Am I My Brother’s Keeper? A Victim’s Moral Obligation

Credit: Tina Leggio
Credit: Tina Leggio

I’ve participated in a few discussions lately around the topic of responsibility.

One discussion centered around an abusive youth pastor and included the question of a victim’s responsibility to report rape.  Two other conversations were about a community’s responsibility to protect vulnerable people from potential harm.

I think we can all agree that the person who commits a crime is responsible for their own actions.

But what about the people who might be able to stop it from happening again? Are they also responsible? If so, how responsible?

A Victim’s Obligation

Ideally, if a victim reported the behavior there would be authority figures who would put a stop to it. Realistically, this often doesn’t happen. In the case of rape, reporting the crime hardly ever leads to a conviction and the stress of reporting the crime can be a secondary source of trauma.

The same is true of stalking cases. In fact, reporting stalking activity to the police can sometimes result in more violent behaviors, putting the victim in even more serious danger.

Is a victim morally obligated to try to stop their abuser from harming others if doing so may cause further harm to them? Should we place potential future victims above the welfare of the already known victim?

I can’t say what other people should do. However, I can say what I believe my obligation is.

I believe I do have some responsibility when it comes to intervening in the case of my stalker. But how far does that go?

That’s a question I’ve thought about for a long time.

Is it enough to report it to the police, even when I know that didn’t do any good? Do I just file a report and wash my hands of the whole thing when I know this is a pattern of behavior for him?

Should I out him publicly? (It’s something I’ve seriously considered, and I have reasons for referencing Voldemort instead of naming him on the blog.)

When it comes to what a victim is and is not obligated to do, we have to weigh the benefit against the risk. What is the risk (physical or psychological) involved with the action? What is the likelihood of a positive outcome? Each situation has to be evaluated on its own.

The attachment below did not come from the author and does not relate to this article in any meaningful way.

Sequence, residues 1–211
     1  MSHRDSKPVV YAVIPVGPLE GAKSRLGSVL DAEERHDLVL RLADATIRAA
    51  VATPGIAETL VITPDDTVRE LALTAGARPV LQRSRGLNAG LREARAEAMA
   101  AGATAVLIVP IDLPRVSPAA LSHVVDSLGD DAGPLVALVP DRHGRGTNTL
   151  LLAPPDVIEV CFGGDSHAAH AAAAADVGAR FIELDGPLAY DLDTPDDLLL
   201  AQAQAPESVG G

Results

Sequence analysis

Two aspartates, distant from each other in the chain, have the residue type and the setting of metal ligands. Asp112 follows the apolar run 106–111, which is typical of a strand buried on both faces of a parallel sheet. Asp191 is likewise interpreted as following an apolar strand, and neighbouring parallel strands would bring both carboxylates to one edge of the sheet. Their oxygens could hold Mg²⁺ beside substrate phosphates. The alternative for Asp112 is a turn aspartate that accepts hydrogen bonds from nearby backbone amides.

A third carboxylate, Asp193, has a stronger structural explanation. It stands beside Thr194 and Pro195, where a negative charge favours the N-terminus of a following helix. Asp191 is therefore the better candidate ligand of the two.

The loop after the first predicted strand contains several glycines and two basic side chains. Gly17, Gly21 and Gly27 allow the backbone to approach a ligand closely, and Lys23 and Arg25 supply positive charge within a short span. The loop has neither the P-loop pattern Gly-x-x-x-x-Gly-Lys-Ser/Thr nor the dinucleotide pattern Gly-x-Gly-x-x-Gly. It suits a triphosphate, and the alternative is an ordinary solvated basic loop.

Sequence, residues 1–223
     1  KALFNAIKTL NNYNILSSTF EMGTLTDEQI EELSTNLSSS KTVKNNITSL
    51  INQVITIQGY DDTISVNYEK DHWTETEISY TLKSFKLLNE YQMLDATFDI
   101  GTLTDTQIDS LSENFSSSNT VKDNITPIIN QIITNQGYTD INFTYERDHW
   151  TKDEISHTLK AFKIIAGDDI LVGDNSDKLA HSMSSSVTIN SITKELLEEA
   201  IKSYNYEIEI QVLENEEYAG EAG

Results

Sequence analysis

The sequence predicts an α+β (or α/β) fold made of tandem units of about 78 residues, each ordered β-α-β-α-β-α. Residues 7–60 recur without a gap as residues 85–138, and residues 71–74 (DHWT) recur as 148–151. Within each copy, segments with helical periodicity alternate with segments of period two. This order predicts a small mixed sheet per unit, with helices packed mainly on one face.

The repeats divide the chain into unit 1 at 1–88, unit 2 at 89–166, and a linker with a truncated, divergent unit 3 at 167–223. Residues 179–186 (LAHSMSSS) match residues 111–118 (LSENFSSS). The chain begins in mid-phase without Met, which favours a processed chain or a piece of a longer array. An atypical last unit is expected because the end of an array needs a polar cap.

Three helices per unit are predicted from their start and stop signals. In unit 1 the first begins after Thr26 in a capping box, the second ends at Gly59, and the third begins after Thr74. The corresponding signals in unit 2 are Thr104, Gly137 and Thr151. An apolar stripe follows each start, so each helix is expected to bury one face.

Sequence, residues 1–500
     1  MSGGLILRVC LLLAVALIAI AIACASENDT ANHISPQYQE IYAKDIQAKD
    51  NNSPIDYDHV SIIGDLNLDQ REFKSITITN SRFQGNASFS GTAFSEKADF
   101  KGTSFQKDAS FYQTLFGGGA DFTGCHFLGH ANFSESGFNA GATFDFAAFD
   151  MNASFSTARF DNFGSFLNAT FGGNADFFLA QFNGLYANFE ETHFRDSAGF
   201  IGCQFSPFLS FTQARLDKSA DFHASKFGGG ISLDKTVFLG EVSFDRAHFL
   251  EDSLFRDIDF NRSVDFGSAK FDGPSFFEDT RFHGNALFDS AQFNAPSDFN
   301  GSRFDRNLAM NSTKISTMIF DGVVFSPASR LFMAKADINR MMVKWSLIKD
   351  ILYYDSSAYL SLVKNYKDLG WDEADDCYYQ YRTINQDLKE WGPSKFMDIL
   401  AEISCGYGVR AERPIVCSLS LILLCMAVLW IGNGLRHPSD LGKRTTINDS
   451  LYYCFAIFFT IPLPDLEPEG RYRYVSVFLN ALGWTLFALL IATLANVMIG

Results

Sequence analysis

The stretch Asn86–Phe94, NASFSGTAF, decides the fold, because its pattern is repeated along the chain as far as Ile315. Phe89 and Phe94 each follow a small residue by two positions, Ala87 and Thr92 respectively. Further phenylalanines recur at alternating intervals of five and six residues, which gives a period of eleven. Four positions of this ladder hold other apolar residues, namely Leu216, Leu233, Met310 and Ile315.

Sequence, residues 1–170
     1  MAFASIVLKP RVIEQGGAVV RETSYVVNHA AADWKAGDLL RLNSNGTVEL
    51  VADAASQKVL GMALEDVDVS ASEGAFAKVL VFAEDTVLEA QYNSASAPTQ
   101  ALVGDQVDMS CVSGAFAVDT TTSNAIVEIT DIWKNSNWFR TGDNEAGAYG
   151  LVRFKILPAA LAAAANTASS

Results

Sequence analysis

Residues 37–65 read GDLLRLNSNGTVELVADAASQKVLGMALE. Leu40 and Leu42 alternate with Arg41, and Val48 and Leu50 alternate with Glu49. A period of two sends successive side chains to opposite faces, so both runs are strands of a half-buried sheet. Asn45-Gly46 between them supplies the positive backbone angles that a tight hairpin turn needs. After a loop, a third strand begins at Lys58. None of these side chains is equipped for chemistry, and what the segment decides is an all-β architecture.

While I can’t say that every victim must act every time, I do believe I have a (calculated) obligation to act. But not because I’m a victim. It’s an obligation I have as a member of a larger community.

A Community’s Obligation

When a rape is committed or someone stalks and threatens someone else or someone beats his wife, we often take a narrow view of the events. We see two parties involved: the abuser and the victim. Really, there are three parties: the abuser, the victim, and the community.

“For just as the body is one and has many members, and all the members of the body, though many, are one body, so it is with Christ… If one member suffers, all suffer together; if one member is honored, all rejoice together.” – 1 Corinthians 12:12;26

We tend to place the burden entirely on the victim when it comes to intervention. They were hurt, so they have a responsibility to prevent others being harmed.

Why is a victim of rape responsible for preventing your rape? Why am I responsible for preventing that stalker from threatening your family?

When we’re part of a community, we’re all responsible for keeping each other safe. This is especially true in Christian communities.

Should I have reported my stalker to the police? Yes (and I did.) But the people in my community also had a responsibility to intervene, not only to protect me but also to protect our community and any women he harmed after me.

When community support breaks down, it’s difficult for a victim to gain any traction while trying to stop a dangerous person.

When there is real potential for harm, we are all obligated to intervene. There is no such thing as an uninvolved party.

(Visited 149 times, 1 visits today)

Leave a Reply